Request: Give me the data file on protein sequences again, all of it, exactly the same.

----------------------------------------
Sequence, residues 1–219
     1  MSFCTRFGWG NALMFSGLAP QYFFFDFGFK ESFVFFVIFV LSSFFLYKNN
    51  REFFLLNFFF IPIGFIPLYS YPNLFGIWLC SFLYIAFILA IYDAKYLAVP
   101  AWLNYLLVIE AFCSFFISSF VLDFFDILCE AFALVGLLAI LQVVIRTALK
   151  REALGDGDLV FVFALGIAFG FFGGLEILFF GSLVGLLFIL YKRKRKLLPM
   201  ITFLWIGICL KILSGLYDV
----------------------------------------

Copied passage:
Sequence, residues 1–219
     1  MSFCTRFGWG NALMFSGLAP QYFFFDFGFK ESFVFFVIFV LSSFFLYKNN
    51  REFFLLNFFF IPIGFIPLYS YPNLFGIWLC SFLYIAFILA IYDAKYLAVP
   101  AWLNYLLVIE AFCSFFISSF VLDFFDILCE AFALVGLLAI LQVVIRTALK
   151  REALGDGDLV FVFALGIAFG FFGGLEILFF GSLVGLLFIL YKRKRKLLPM
   201  ITFLWIGICL KILSGLYDV